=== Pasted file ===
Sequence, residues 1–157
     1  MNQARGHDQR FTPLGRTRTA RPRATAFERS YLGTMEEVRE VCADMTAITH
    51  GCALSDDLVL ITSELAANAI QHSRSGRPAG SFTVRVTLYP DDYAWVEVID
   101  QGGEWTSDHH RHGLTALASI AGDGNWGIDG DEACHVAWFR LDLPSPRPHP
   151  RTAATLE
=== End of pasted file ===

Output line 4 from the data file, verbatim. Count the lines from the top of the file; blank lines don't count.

   101  QGGEWTSDHH RHGLTALASI AGDGNWGIDG DEACHVAWFR LDLPSPRPHP